How to buy a property

Author: Brett Sutton


Exciting times! Your broker has given you the green light to start shopping for your dream property but what happens next?


1) Define what you want


  • No matter if you are buying a property to move into or one for investment you should define what the needs the property has to fulfill and what you are prepared to compromise on.

  • Work out your musts and your would also be nice list.

  • Especially, when buying an established property it is difficult to find one that ticks every box so predefining what you want will save you a lot of time and energy.


2) Start shopping.

  • Download the real estate search apps on your device, for the areas and property types that you are looking for.

  • Start heading to open homes and don’t be afraid to call agents and book private appointments to view properties.

  • Tell the agents you are ready to buy and build relationships with them.

  • Register for any VIP lists they may have as sometimes not all properties go on the real estate websites, some agents just market to their database.


3) Once you find “the one” – do your research.

  • Request a copy of the contract and have your conveyancer review it.

  • Do a price search for the suburb, is the price guide reflective of similar properties that have sold?

  • Get a sense of interest in the property, how many other buyers seem serious.

  • Drive around the surrounding streets, get a true feel for the neighbourhood - at different times too - school pickup & drop off, peak hour, Saturday morning - how does the traffic and access vary.

  • Also view the property at different times of the day, agents will try to set inspection times when the property shows at its best when the street is quieter or gets morning sun but none in the afternoon etc.

  • Talk to the neighbours, get a sense of the type of people you could be living next to for a very long time.

  • Be certain that this is a property you are happy to buy before you make an offer.

4) Set your budget for this property.

  • This is where it gets tricky knowing what to pay. Set a limit as to what you are prepared to spend.

  • Often this is budget related but a good question to ask yourself when establishing a price ceiling after doing your research is "would you be upset if someone paid more than what you are thinking". If your answer is NO then you have found the point you are comfortable to spend to.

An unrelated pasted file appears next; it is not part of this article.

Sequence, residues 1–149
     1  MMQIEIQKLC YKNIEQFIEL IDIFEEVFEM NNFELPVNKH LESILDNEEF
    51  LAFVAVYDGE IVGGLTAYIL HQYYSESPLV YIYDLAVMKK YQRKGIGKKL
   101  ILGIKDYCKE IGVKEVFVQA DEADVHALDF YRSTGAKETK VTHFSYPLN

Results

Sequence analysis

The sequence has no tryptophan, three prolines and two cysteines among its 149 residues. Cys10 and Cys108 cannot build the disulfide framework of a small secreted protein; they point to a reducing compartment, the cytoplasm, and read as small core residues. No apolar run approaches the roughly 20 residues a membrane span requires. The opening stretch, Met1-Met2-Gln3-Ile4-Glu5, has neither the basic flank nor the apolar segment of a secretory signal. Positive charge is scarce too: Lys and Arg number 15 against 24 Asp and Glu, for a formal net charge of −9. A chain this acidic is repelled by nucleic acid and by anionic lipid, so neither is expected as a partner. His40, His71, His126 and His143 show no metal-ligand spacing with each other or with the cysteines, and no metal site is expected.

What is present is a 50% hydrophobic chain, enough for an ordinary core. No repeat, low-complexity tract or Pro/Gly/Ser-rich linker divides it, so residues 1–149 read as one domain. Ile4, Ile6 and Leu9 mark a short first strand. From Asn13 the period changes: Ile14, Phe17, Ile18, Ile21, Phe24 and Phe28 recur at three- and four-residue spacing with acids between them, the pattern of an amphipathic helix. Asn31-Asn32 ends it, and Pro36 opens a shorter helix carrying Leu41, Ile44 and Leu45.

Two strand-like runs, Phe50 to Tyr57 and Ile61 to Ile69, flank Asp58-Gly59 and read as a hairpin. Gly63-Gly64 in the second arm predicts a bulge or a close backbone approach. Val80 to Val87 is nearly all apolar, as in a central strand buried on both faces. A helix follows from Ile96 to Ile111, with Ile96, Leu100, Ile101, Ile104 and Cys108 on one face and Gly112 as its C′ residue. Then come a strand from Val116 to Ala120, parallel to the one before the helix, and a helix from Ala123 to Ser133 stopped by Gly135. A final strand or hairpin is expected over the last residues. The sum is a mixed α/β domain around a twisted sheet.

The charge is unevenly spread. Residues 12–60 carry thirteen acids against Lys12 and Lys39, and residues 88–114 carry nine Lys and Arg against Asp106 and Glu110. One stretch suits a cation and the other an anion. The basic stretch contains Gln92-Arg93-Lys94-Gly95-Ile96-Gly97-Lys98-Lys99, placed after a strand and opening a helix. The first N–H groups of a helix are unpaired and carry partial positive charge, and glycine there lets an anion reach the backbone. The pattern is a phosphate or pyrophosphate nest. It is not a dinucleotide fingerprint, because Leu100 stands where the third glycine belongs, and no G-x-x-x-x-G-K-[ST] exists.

5) Make an offer.

  • There are two ways to buy property; one is at auction and the other by private treaty (for sale). The strategy you may consider in each situation is different.

  • Private treaty the owner is expecting offers to be presented by the agent. Ask the agent how they will be managing the negotiation, important to know in situations with multiple interested parties making offers. Knowing your limit, start a little lower without being offensive.

  • Ask the agent how they would like your offer submitted (in writing or is verbal ok?). Some will have a form to fill out. Good practise is to follow up any verbal offer in writing for clarity and avoid any future confusion.

  • Highlight any additional conditions to your offer ie, a delayed settlement or extra inclusions not mentioned on the contract.

  • Ask for an indication of how the agent will get back to you and in what timeframe.

  • Be clear on what the expectations are if you offer is accepted.

  • If the property is going to auction you may consider making an offer prior to the auction.

  • Follow the same steps above but understand the vendor may not accept offers prior to the auction. In a rising market it could be a good idea to offer early in the campaign or is a normal or declining market offer later in the campaign.

6) Your offer is accepted. There are two ways to exchange contracts.

  • First is a solicitor exchange – the agent send the details to the solicitors and they coordinate the purchase from there.

  • The other way is to pay a 0.25% of the negotiated price, non refundable deposit and sign contracts with a cooling off period. This way starts the process sooner and locks the purchase in so you can not be gazumped (someone offers a higher amount that the vendor accepts).


7) Ask the agent to put up the sold sticker once it exchanges.

  • Get a heap of photos for social media and be sure to tag your broker telling everyone what a great experience you had with them ;)


Brett Sutton is a former real estate agent, now broker sharing his tips for buying a home.


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